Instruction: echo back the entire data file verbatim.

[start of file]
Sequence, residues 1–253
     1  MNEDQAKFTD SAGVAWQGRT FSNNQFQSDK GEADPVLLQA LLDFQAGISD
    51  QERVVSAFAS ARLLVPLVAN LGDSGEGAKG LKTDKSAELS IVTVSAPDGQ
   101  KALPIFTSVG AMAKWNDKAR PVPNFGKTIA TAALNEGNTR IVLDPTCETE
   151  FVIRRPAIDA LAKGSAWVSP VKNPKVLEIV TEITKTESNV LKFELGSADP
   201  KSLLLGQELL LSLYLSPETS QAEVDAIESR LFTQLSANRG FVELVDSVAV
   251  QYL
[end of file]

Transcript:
Sequence, residues 1–253
     1  MNEDQAKFTD SAGVAWQGRT FSNNQFQSDK GEADPVLLQA LLDFQAGISD
    51  QERVVSAFAS ARLLVPLVAN LGDSGEGAKG LKTDKSAELS IVTVSAPDGQ
   101  KALPIFTSVG AMAKWNDKAR PVPNFGKTIA TAALNEGNTR IVLDPTCETE
   151  FVIRRPAIDA LAKGSAWVSP VKNPKVLEIV TEITKTESNV LKFELGSADP
   201  KSLLLGQELL LSLYLSPETS QAEVDAIESR LFTQLSANRG FVELVDSVAV
   251  QYL